All-Saints' Day (1868)

by Ada Cambridge

Ada Cambridge

"But they are at peace."
Never to weary more, nor suffer sorrow,-
Their strife all over, and their work all done:
At peace-and only waiting for the morrow;
Heaven's rest and rapture even now begun.
So tired once! long fetter'd, sorely burden'd,
Ye struggled hard and well for your release;
Ye fought in faith and love-and ye are guerdon'd,
O happy souls! for now ye are at peace.
No more of pain, no more of bitter weeping!
For us a darkness and an empty place,
Somewhere a little dust-in angels' keeping-
A blessèd memory of a vanish'd face.
For us the lonely path, the daily toiling,
The din and strife of battle, never still'd;
For us the wounds, the hunger, and the soiling,-
The utter, speechless longing, unfulfill'd.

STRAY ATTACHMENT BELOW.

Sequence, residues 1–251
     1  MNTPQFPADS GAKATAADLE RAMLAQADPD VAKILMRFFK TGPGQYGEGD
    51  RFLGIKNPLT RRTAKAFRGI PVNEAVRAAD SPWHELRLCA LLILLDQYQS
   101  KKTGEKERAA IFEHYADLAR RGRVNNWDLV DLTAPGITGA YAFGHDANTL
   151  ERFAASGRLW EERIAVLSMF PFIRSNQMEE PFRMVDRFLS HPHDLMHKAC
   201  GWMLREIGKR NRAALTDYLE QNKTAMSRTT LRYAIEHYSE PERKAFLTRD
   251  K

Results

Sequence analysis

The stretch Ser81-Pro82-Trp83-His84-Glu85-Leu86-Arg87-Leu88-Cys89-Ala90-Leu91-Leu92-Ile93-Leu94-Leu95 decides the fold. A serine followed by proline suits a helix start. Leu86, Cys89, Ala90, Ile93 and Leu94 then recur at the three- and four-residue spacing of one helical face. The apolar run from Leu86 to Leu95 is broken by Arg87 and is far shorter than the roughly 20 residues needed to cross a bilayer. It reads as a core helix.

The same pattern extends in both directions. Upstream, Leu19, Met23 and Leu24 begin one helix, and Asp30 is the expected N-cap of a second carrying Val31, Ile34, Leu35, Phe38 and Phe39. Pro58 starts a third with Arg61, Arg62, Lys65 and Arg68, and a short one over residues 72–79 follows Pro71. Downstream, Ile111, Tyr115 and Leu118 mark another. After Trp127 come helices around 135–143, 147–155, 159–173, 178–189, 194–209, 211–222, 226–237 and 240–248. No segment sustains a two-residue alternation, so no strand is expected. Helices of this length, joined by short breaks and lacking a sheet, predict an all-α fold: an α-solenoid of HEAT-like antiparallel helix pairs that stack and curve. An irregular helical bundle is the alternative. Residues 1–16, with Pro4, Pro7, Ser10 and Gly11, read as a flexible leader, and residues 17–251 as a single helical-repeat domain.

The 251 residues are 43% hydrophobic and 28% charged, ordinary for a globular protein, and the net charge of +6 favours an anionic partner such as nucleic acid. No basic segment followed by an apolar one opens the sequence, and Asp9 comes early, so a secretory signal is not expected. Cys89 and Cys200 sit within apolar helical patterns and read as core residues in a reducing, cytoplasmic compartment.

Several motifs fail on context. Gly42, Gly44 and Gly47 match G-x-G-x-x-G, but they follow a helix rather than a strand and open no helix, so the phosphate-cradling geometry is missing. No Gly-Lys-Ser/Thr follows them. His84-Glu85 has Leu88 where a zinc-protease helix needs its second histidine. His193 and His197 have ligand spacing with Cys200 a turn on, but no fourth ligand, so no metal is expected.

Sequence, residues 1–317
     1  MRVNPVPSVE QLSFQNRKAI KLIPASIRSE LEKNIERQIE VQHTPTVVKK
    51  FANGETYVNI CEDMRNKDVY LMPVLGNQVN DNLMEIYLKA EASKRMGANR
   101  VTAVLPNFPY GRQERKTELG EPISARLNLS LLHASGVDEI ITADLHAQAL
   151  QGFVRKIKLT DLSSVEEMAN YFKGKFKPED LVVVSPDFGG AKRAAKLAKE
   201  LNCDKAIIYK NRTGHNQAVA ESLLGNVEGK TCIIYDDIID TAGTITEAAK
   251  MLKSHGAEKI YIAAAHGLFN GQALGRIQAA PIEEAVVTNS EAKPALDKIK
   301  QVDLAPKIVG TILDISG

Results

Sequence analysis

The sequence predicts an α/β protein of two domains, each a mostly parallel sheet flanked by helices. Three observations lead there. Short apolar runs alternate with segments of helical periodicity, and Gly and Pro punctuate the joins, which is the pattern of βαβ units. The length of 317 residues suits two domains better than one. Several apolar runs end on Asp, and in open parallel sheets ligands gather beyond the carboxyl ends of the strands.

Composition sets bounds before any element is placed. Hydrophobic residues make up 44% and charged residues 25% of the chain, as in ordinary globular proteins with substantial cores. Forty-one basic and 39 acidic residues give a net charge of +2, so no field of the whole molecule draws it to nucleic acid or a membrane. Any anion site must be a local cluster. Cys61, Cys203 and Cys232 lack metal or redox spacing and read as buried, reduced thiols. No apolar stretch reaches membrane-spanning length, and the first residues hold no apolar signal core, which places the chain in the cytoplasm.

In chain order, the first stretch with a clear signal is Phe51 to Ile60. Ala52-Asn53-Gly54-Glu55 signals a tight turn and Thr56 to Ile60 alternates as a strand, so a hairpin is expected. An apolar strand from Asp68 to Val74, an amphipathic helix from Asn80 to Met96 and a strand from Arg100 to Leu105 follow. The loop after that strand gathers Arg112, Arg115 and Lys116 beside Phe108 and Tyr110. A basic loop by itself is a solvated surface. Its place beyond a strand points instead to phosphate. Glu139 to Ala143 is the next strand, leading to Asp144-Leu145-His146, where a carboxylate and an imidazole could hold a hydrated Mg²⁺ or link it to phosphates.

For us the army camp'd upon the mountains,
Unseen, yet fighting with our Syrian foes,-
The heaven-sent manna and the wayside fountains,
The hope and promise, sweetening our woes.
For them the joyous spirit, freely ranging
Green hills and fields where never mortal trod;
For them the light unfading and unchanging,
The perfect quietness-the peace of God.
For both, a dim, mysterious, distant greeting;
For both, at Jesus' cross, a drawing near;
At Eucharistic gate a blessed meeting,
When angels and archangels worship here.
For both, God grant, an everlasting union,
When sin shall pass away and tears shall cease;
For both the deep and full and true communion,
For both the happy life that is "at peace."

Last updated August 18, 2022